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The ISPS Code and Modern Maritime Security

BluHistorically, maritime security guidelines and best practices have evolved in response to incidents or issues that have resulted in a clear gap in the provision of the procedural core function, security. In this Metis Insights we ask, should further adaptions be made?

The ISPS Code has made a significant, positive difference to maritime security, bringing about formalized and standardized maritime security for ships and ports with clear enforcement systems and extensive guidelines for implementation, regulation, and designation of responsibility. However, in its current form, the code does not adequately account for the nuance of the multidimensional, varying, and evolving nature of risk in the maritime industry. This is less the result of inadequate planning, but reflective of the ever-evolving nature of risk. Informed parties would be hard pushed to debate the legitimacy of the ISPS Code, however increasingly there are questions regarding its relevance within the contemporary security environment.  

Advisory and certification services

Like safety, maritime security is of paramount importance to the operation of a vessel. The International Ship and Port Facility Security (ISPS) Code came into force on July 1, 2004, and is applicable to all vessels over 500 get operate on international trades, as well as the ports that service them.

We have played a proactive role in helping the industry to implement the ISPS Code and offer a full range of statutory certification services to help you maintain compliance. We also offer ISPS training courses.

The ISPS Code For Ships - An Essential Quick Guide

What is the ISPS Code?

The ISPS Code provides a framework through which ships and port facilities can co-operate to detect and deter acts that pose a threat to maritime security. The Code:

  • enables the detection and deterrence of security threats within an international framework
  • establishes roles and responsibilities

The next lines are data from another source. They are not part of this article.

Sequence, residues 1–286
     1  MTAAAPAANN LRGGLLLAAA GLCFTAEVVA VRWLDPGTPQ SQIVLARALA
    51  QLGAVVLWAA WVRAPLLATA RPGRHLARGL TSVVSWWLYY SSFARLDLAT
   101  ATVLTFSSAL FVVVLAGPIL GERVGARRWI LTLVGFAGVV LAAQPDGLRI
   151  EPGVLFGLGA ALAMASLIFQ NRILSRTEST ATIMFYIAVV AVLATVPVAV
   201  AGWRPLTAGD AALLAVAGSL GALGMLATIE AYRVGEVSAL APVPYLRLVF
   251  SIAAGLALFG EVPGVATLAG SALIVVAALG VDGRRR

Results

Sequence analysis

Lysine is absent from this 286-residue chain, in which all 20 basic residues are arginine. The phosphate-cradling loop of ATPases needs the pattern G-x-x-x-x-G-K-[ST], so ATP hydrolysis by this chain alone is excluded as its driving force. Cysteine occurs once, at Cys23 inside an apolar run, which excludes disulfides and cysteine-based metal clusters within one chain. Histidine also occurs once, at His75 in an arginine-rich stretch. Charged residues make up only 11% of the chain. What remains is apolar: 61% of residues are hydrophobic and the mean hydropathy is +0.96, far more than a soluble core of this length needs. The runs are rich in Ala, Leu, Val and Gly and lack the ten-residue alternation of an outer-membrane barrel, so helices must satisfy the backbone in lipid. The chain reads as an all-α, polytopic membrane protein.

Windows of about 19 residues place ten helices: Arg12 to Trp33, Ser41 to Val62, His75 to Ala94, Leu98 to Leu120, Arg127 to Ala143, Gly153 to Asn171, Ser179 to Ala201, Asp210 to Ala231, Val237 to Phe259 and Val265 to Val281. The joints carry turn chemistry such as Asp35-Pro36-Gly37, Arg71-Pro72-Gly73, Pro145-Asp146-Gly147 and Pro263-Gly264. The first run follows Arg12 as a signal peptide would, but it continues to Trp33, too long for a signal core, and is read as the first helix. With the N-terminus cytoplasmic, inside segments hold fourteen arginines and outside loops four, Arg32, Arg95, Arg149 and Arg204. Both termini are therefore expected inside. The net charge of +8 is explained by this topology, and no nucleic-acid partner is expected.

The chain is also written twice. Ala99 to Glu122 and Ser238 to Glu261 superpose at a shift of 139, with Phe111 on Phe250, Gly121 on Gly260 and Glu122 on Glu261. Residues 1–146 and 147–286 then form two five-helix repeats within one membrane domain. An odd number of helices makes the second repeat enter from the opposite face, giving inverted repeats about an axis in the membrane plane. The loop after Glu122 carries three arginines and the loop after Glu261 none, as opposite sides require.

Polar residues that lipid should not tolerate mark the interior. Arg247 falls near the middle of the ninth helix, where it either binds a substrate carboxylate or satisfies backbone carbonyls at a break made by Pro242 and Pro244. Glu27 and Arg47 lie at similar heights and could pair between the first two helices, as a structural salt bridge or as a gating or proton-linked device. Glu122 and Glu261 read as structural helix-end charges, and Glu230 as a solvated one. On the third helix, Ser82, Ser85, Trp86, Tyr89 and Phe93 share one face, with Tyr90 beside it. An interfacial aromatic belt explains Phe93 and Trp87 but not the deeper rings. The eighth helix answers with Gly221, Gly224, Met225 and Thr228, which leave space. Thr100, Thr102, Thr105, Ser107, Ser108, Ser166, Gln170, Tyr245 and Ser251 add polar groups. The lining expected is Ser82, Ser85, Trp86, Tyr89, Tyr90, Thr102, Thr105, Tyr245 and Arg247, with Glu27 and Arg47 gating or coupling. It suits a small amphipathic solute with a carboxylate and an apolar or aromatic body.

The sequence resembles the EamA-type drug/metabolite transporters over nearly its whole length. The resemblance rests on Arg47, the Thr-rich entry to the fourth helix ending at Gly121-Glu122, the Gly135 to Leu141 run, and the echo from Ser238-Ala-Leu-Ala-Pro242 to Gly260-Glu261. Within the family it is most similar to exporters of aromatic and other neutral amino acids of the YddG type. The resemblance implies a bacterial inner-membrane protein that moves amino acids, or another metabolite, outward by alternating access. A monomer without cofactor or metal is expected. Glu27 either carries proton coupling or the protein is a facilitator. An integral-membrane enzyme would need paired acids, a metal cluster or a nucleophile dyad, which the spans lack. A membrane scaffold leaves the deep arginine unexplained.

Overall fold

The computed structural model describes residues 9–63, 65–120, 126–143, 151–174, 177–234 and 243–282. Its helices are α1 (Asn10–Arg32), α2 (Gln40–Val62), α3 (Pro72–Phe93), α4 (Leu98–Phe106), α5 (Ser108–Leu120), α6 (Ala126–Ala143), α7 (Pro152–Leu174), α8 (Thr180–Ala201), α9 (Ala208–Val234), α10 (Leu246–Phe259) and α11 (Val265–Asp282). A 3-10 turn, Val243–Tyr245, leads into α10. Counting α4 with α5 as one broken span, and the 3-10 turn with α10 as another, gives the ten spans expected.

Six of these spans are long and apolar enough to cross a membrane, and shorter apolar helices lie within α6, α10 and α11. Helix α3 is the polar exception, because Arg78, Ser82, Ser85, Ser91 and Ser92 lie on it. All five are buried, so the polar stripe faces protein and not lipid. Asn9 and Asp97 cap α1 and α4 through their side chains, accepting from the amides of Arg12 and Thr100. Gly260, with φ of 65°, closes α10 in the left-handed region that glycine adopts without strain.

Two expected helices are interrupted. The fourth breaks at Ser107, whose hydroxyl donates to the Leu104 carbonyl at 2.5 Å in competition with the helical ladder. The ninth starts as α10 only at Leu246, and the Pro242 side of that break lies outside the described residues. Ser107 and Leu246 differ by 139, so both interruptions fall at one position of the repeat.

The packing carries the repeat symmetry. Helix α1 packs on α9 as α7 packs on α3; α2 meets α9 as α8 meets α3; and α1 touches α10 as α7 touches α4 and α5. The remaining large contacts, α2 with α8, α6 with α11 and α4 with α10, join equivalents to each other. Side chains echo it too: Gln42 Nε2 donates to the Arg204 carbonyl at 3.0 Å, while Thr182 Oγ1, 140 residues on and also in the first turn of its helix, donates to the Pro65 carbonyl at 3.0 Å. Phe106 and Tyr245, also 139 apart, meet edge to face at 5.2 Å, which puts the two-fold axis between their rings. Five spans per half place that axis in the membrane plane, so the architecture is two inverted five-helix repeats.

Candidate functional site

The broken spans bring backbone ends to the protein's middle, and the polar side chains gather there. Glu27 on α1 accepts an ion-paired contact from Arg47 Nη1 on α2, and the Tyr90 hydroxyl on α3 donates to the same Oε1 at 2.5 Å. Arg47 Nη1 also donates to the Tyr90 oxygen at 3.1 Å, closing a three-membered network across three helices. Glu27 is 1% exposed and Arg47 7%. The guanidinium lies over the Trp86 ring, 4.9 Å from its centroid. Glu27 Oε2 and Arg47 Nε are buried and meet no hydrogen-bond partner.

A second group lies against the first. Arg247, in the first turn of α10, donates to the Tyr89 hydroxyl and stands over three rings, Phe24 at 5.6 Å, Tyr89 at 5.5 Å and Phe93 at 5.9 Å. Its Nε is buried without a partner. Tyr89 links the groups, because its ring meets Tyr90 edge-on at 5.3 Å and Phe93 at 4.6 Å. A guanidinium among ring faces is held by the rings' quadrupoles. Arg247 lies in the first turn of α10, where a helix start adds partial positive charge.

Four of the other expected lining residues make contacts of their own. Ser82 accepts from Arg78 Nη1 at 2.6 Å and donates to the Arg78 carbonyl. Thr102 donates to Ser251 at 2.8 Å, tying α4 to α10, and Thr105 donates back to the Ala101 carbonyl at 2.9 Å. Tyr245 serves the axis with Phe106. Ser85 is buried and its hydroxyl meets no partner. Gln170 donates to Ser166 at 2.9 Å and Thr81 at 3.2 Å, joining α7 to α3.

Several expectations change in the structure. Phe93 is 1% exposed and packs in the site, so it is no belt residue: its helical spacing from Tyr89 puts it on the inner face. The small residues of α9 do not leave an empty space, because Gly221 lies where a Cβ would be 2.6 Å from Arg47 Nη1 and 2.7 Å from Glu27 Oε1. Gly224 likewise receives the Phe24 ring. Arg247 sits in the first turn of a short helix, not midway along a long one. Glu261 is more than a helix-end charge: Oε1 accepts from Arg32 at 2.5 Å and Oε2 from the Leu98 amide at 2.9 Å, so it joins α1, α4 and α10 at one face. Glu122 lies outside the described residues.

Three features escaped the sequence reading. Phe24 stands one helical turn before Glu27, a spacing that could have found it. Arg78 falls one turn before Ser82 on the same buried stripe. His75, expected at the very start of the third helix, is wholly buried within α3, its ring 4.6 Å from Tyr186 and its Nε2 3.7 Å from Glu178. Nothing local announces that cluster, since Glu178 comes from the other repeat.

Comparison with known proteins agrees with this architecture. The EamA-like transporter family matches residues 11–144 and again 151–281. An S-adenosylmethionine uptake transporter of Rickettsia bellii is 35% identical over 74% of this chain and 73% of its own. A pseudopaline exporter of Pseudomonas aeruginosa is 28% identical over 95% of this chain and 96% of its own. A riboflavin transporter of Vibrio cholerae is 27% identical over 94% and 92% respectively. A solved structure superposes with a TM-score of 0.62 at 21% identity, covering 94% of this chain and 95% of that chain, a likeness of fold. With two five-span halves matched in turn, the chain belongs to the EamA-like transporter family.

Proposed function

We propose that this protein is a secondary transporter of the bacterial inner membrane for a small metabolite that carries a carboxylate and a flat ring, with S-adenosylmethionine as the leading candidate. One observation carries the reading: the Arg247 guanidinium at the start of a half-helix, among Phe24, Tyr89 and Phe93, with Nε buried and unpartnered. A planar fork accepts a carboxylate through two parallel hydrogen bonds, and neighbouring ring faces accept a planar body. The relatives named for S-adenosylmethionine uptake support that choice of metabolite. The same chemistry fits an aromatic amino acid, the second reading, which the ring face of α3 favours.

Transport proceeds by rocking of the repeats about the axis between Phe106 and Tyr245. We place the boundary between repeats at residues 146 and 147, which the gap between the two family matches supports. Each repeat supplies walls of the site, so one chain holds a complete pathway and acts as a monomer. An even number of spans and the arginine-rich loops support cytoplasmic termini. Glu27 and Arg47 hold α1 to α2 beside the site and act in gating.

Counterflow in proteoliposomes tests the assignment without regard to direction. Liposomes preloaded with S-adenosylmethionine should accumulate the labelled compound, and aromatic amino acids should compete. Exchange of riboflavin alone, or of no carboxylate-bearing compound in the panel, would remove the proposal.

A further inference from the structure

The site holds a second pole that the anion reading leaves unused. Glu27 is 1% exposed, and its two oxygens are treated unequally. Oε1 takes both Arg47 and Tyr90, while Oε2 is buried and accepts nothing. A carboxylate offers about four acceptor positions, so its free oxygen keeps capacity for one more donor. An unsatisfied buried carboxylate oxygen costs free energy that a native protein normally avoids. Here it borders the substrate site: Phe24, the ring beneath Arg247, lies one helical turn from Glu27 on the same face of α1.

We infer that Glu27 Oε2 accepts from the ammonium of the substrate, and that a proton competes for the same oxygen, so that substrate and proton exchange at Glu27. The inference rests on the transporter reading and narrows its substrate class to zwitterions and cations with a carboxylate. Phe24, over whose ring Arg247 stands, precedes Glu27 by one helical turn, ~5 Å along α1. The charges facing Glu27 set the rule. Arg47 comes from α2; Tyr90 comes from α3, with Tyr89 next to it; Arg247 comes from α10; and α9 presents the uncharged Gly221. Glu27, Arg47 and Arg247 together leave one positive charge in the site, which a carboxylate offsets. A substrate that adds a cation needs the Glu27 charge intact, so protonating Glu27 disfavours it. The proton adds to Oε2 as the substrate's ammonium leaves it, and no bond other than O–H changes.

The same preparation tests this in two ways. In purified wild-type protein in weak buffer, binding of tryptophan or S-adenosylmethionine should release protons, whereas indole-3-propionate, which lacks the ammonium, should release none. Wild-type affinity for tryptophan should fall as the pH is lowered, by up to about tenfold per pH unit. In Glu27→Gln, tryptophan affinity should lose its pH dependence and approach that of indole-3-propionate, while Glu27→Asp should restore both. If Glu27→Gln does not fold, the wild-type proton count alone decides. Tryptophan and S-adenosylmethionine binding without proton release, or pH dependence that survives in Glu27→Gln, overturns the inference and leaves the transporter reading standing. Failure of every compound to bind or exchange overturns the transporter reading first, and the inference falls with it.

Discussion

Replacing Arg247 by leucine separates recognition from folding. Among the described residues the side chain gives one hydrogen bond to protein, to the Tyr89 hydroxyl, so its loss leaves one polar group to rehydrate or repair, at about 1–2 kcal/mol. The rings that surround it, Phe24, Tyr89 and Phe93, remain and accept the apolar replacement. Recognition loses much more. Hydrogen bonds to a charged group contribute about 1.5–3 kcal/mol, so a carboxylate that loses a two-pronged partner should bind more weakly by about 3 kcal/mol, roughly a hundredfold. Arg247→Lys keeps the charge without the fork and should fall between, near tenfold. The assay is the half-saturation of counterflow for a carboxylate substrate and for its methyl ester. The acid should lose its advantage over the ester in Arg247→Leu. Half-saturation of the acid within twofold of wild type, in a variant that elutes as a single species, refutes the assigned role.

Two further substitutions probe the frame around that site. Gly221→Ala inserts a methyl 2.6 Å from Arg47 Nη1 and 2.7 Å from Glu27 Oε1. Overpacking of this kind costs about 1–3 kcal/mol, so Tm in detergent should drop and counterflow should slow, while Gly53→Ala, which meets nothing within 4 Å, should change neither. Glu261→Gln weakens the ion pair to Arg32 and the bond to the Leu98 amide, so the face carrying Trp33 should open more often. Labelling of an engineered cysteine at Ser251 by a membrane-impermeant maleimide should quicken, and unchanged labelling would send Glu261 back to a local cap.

• enables collection and exchange of security information
  • provides a methodology for assessing security
  • ensures that adequate security measures are in place.

THE INTERNATIONAL SHIP AND PORT FACILITY SECURITY (ISPS) CODE | Marine Inbox

It requires ship and port facility staff to:

  • gather and assess information
  • maintain communication protocols
  • restrict access, prevent the introduction of unauthorized weapons, etc.
  • provide the means to raise alarms
  • put in place vessel and port security plans and ensure training and drills are conducted.
  • The regulatory provisions do not extend to the actual response to security incidents or to any necessary clean-up activities after such an incident.

How can Lloyd’s Register help?

  • We can provide you with expert security advice delivered at a level that suits your needs.
  • You receive the assistance you need to develop and implement an effective security management system that meets the requirements of the Code.

Economy for ships

If the ISPS Code applies to your ship, it must have an International Ship Security Certificate (ISSC) in order to operate. As a Recognised Security Organisation for the major flag administrations, we can carry out security plan approvals and verification audits, leading to the issue of an ISSC for your ship.

Advisory services for port operators

The ISPS Code requires that security assessments are carried out and that security plans are developed. Because no two ports or port facilities are the same, we will work with you to develop the most efficient and cost-effective range of advisory services suited to your organization.

Port and port facilities can be very complex. We can provide you with a gap analysis against the requirements necessary to achieve compliance with the ISPS Code and national requirements. Our analysis will identify the training needs of your sports facility security officers (PFSOs) and others, and describe how to develop port facility security assessments (PFSAs) where applicable, and port facility security plans (PFSPs) for approval by contracting governments.

You may be able to use the gap analysis as the basis for an action plan, enabling you to develop your PFSP in-house. Should you require further assistance, we can work with you to develop a package that is tailored to your specific needs.

Maritime Security Management & Control as per ISPS Code Course | PetroKnowledge

Training services for CSOs, SSOs, and PFSOs

Required by some flag administrations, although not specifically required by the Code, is the need for security management training. We have developed programs for the company, ship, and port facility security officers, details of which can be provided on request.

 

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